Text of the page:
Follow-Up Care After Breast Cancer Treatment

Medically Reviewed by Brunilda Nazario, MD on October 24, 2023
2 min read

Once your breast cancer treatment has ended, you’ll need to keep in touch with your cancer doctor and surgeon. Schedule regular appointments with them.

Between medical visits, watch for any changes in your body. Most of the time, if cancer comes back, it's within 5 years of when it was first treated.

Typically, you should see your doctors every 3 months for the first 2 years after treatment ends, every 6 months during years 3 through 5, and then annually for the rest of your life. Your personal schedule will depend on your diagnosis.

Get regular mammograms. If you had a total mastectomy, you only need one of the other breast. You’ll likely need a mammogram within 6-12 months after finishing your breast cancer treatment and at least annually after that.

Routine chest X-rays and blood tests in women who have no symptoms of cancer aren’t always reliable. If you had chemotherapy, you’ll need regular blood tests to make sure that your body has recovered from it.

Give yourself regular breast self-exams. Pay attention to any changes in your breast, including:

  • Skin rashes, redness, or swelling
  • New lumps in your breast or chest

Also pay attention to:

  • Bone pain, back pain, or tenderness that doesn't go away
  • Shortness of breath or chest pain
  • Persistent belly pain
  • Weight loss

If you take tamoxifen, tell your doctor about any unusual vaginal bleeding. If you take it, are postmenopausal, and still have your uterus, you may have increased risk of endometrial and other uterine cancers.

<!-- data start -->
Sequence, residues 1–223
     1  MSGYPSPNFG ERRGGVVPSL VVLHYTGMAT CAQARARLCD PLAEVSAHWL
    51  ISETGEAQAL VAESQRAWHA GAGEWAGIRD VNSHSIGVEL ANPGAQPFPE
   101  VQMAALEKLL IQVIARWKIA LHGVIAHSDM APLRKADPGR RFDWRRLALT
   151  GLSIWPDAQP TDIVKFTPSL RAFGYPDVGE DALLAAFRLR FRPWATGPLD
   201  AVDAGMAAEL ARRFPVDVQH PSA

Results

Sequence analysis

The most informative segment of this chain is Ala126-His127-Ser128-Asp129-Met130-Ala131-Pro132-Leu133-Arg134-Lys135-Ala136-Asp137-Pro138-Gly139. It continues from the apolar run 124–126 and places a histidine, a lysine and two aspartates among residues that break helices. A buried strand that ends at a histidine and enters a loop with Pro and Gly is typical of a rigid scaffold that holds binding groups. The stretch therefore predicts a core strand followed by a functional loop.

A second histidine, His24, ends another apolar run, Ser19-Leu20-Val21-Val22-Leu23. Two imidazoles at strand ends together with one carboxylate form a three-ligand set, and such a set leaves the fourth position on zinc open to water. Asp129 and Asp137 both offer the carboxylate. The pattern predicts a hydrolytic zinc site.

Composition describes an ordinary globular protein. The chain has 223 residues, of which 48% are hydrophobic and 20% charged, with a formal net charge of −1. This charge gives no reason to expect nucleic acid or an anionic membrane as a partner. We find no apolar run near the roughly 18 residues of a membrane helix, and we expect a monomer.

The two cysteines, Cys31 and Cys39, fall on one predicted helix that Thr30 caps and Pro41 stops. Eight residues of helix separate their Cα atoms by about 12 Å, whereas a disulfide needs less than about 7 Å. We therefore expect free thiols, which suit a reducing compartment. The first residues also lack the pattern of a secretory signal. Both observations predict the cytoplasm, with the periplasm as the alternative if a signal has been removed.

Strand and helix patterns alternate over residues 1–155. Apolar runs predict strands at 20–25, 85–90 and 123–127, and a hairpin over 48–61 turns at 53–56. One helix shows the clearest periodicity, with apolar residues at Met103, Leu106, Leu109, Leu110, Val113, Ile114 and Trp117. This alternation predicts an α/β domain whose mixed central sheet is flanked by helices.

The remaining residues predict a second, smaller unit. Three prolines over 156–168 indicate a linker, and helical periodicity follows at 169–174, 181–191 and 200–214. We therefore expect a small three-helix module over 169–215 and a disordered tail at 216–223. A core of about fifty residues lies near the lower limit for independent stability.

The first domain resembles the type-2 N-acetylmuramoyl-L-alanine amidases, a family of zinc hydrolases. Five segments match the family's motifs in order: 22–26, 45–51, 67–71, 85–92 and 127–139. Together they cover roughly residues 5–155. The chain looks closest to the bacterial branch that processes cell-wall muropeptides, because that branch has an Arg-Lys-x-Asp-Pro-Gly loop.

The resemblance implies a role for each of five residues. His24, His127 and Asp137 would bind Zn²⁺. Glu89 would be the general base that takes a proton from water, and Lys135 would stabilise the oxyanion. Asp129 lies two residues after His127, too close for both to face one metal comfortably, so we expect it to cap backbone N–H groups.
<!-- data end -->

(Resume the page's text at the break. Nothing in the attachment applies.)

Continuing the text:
If you are postmenopausal, if you are taking a medicine called an aromatase inhibitor, or if you've had chemotherapy in the past, get regular screening tests for osteoporosis.

It’s possible to get a second, different breast cancer. And having had breast cancer may put you at higher risk for other types of cancers, including cancers of the:

  • Salivary glands
  • Stomach
  • Esophagus
  • Ovaries
  • Uterus
  • Skin
  • Thyroid
  • Colon
  • Sarcoma (cancer of the soft tissue)
  •  Melanoma
  •  Acute myeloid leukemia (AML)

After your cancer treatment, you’ll still see your primary care doctor or gynecologist so they can keep tabs on any other health problems. You also should get regular flu shots and other needed vaccines. Conditions your doctor may want to check for include:

  • Bone density (certain cancer drugs and menopause can weaken your bones)
  • Diabetes
  • High blood pressure
  • Heart disease
  • Weight gain or obesity

Make taking care of your emotional and physical well-being a priority in life. Don't compare your treatment plan and outcome with others. Everyone's cancer is a little different.